ARCHIVED - Infectious Diseases News Brief - November 9, 2012


Canada Communicable Disease Report
CCDR Weekly

Fall in Human Papillomavirus Prevalence Following a National Vaccination Program

Background. In April 2007, Australia became the first country to introduce a national government-funded human papillomavirus (HPV) vaccination program. The researchers evaluated the program's impact on genotype-specific HPV infection prevalence through a repeat survey of women attending clinical services.

Methods. HPV genoprevalence in women aged 18–24 years attending family planning clinics in the prevaccine period (2005–2007) was compared with prevalence among women of the same age group in the postvaccine period (2010–2011). The same recruitment and testing strategies were utilized for both sets of samples, and comparisons were adjusted for potentially confounding variables.

Results. The prevalence of vaccine HPV genotypes (6, 11, 16, and 18) was significantly lower in the postvaccine sample than in the prevaccine sample (6.7% vs 28.7%; P < .001), with lower prevalence observed in both vaccinated and unvaccinated women compared with the prevaccine population (5.0% [adjusted odds ratio, 0.11; 95% confidence interval, 0.06–0.21] and 15.8% [adjusted odds ratio, 0.42; 95% confidence interval, 0.19–0.93], respectively). A slightly lower prevalence of nonvaccine oncogenic HPV genotypes was also found in vaccinated women (30.8% vs 37.6%; adjusted odds ratio, 0.68; 95% confidence interval, 0.46–0.99).

Conclusions. Four years after the commencement of the Australian HPV vaccination program, a substantial decrease in vaccine-targeted genotypes is evident and should, in time, translate into reductions in HPV-related lesions.

Source: The Journal of Infectious Diseases, (2012) 206(11):1645-1651

Influenza and Malaria Coinfection Among Young Children in Western Kenya, 2009–2011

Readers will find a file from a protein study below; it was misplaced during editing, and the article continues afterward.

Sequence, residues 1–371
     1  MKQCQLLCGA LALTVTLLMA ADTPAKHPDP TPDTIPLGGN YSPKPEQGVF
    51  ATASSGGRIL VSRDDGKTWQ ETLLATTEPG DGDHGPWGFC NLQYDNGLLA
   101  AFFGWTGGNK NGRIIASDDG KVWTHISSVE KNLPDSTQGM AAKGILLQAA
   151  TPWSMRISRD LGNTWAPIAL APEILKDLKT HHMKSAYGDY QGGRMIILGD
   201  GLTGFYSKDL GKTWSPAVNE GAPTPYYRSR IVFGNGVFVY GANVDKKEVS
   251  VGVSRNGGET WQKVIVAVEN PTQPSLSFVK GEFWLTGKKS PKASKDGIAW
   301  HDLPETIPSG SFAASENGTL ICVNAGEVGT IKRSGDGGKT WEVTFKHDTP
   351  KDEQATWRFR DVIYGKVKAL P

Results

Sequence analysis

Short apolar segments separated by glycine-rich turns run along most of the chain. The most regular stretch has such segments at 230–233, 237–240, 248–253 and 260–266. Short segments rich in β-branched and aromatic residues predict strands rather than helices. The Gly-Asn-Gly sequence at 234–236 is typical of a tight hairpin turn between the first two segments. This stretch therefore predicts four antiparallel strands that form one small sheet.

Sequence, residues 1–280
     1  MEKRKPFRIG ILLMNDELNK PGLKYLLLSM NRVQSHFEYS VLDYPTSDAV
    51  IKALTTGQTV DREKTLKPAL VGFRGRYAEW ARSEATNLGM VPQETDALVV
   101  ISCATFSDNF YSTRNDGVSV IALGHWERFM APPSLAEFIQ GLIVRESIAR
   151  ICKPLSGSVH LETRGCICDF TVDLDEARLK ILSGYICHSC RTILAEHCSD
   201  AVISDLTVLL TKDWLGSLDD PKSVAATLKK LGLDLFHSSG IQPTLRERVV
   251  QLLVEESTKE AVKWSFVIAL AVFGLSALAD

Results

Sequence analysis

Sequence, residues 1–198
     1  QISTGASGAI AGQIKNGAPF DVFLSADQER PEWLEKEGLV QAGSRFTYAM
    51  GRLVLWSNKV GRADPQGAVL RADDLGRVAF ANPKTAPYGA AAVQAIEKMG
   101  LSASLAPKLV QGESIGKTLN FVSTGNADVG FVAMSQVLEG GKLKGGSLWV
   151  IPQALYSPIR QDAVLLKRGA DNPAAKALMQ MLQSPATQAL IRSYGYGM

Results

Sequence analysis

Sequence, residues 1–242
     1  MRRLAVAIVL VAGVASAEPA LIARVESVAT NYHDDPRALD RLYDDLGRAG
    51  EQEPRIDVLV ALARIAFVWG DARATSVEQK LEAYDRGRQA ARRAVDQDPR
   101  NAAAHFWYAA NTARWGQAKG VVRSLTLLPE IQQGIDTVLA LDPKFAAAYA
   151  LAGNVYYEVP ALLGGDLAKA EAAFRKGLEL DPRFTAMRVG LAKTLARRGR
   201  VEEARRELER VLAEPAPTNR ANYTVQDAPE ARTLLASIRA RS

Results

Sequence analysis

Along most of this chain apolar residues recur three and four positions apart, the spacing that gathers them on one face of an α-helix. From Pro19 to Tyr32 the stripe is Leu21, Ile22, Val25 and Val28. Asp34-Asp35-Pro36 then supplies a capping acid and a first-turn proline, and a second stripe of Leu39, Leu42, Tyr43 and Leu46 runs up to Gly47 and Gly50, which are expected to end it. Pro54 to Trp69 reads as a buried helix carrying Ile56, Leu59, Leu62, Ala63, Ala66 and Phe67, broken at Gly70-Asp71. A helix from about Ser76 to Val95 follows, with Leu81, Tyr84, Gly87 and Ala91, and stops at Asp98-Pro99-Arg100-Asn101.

Background. Although children <5 years old in sub-Saharan Africa are vulnerable to both malaria and influenza, little is known about coinfection.

Methods. This retrospective, cross-sectional study in rural western Kenya examined outpatient visits and hospitalizations associated with febrile acute respiratory illness (ARI) during a 2-year period (July 2009–June 2011) in children <5 years old.

Results. Across sites, 45% (149/331) of influenza-positive patients were coinfected with malaria, whereas only 6% (149/2408) of malaria-positive patients were coinfected with influenza. Depending on age, coinfection was present in 4%–8% of outpatient visits and 1%–3% of inpatient admissions for febrile ARI. Children with influenza were less likely than those without to have malaria (risk ratio [RR], 0.57–0.76 across sites and ages), and children with malaria were less likely than those without to have influenza (RR, 0.36–0.63). Among coinfected children aged 24–59 months, hospital length of stay was 2.7 and 2.8 days longer than influenza-only-infected children at the 2 sites, and 1.3 and 3.1 days longer than those with malaria only (all P < .01).

Conclusions. Coinfection with malaria and influenza was uncommon but associated with longer hospitalization than single infections among children 24–59 months of age.

Source: The Journal of Infectious Diseases, (2012) 206(11):1674-1684

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